But I think the delta usability/ delta dev time is low. The software needs to have all the basic features and have a good UI before it starts offering any advantage at all.

If what they said in the docs is correct, it wouldn't actually require too much dev time. Usability-wise, I've found Excalidraw to be one of the rare pieces of software that is intuitive to use out of the box, and doesn't have much of a learning curve.

Comment by adamzerner on Reflections on Connect Developers · 2022-01-17T17:56:30.118Z · LW · GW

Yeah I see the appeal in that. But for this app it didn't seem worth investing in that sort of either or functionality, and if I have to pick one, I expect people are more interested in matching with those who agree than those who disagree.

Comment by adamzerner on Reflections on Connect Developers · 2022-01-17T17:52:56.200Z · LW · GW

No and no. I didn't think it'd be worth doing either of those things before I knew there'd actually be enough users to justify the investment of time. So I ended up just sending the emails by hand.

Comment by adamzerner on Reflections on Connect Developers · 2022-01-17T17:51:40.313Z · LW · GW

Agreed that the name is pretty bad. I don't suspect that it is part of the problem though. In my Hacker News submissions, the text was "Show HN: Video chat with like-minded developers (". And the header on the website is "Video chat with like-minded developers". So "Connect Developers" doesn't seem like it is being used in any meaningful ways. The reason I stuck with the name is because I couldn't think of something better and wanted to be agile/lean about not letting it be a timesink.

Comment by adamzerner on Open Thread - Jan 2022 [Vote Experiment!] · 2022-01-17T17:31:50.803Z · LW · GW

I am not, it looks awesome, thanks for sharing! I will pass it along to my friend.

Comment by adamzerner on Reflections on Connect Developers · 2022-01-16T21:34:59.454Z · LW · GW

My experience with the EA chats project was that, although there were lots of people who'd be happy to connect with likeminded folks, they were nervous about taking the initiative to reach out to specific people and ask to chat. Having a mechanism by which they could be assured of being connected with others who wanted the same thing seemed to eliminate this problem. Likewise, while I'm sure there's an internet message board for almost every interest at this point, that doesn't meant there's a way for people interested in forming real-life relationships to do so.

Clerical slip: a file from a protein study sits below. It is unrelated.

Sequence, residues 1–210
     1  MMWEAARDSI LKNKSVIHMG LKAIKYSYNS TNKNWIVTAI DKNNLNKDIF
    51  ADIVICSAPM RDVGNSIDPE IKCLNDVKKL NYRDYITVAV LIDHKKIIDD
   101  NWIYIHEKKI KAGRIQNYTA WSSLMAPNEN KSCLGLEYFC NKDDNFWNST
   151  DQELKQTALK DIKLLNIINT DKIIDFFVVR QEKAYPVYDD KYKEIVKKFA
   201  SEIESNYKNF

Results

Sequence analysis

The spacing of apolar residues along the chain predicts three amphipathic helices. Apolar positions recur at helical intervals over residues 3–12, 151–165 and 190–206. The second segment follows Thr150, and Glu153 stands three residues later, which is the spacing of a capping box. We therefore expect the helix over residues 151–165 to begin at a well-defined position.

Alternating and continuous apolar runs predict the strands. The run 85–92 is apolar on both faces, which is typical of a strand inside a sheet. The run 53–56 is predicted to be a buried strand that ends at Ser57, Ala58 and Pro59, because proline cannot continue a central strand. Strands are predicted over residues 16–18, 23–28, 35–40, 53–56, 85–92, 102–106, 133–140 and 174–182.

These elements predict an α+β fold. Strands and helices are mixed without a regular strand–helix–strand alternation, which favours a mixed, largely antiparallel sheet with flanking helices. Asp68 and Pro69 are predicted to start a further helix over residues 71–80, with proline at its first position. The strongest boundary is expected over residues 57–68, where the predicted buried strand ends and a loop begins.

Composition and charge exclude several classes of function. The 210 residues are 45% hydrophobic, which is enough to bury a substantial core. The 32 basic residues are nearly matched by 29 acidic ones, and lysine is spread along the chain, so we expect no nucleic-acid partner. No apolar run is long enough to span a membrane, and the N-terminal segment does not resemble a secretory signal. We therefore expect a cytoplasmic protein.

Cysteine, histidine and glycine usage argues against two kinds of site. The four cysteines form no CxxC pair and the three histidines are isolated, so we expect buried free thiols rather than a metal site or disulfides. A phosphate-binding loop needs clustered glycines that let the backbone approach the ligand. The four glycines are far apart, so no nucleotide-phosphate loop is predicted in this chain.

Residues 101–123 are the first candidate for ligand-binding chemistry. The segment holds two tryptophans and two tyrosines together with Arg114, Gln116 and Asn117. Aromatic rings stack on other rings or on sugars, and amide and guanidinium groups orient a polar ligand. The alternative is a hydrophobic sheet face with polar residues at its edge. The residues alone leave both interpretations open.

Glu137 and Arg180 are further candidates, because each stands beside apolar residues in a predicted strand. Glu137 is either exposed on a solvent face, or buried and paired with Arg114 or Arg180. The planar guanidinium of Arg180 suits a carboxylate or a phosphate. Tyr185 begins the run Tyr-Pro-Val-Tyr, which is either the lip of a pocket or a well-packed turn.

Great point, that makes sense.

In fact, that might be a way to start seeking out passionate people to connect via such a service: just find subreddits with a high activity-to-members ratio.

That does sound like a good idea! There are a few other projects I'm feeling more excited about right now so I don't think I'm going to pursue it. But I have added it to my list of ideas.

If the tech catches on, how will you deal with trolls, thieves, complaints, and so on?

Yeah that is an important question. It seems like a very difficult problem in general. I think big companies like Facebook have some sort of AI thing that tries to detect it, but my impression is that they haven't had much success.

Comment by adamzerner on Reflections on Connect Developers · 2022-01-16T20:13:14.671Z · LW · GW

great happiness and congratulations for "did a thing"!

Thank you!

I think the "write a business plan already" is absolutely key here. And really, you often only need a business sketch, not a plan.

Yeah, I agree. As my thoughts settle after this experience, that's the main thing that keeps swimming around in the back of my mind. And that's so true about only needing a sketch, not a plan.

Btw, it's good to get this data point of someone really liking the "write a business plan already" idea. The post didn't receive many upvotes, which surprised me and makes me question whether there is something unwise about it. I guess what I'm saying is that I notice some confusion, and so data points here are helpful to me.

What customers/developers have this need to connect, and why is this method any better than the hundreds of other community and discussion sites that exist?

Well, there are places to chat with people, but a) it's usually centered around some topic. Like if you join a Discord group for a particular programming language, the types of conversations that are expected are different from the types of conversations you'd have if you sat down to get coffee with someone. I'm not actually sure where you would go if you were looking for the latter type of conversation. Anything come to mind for you?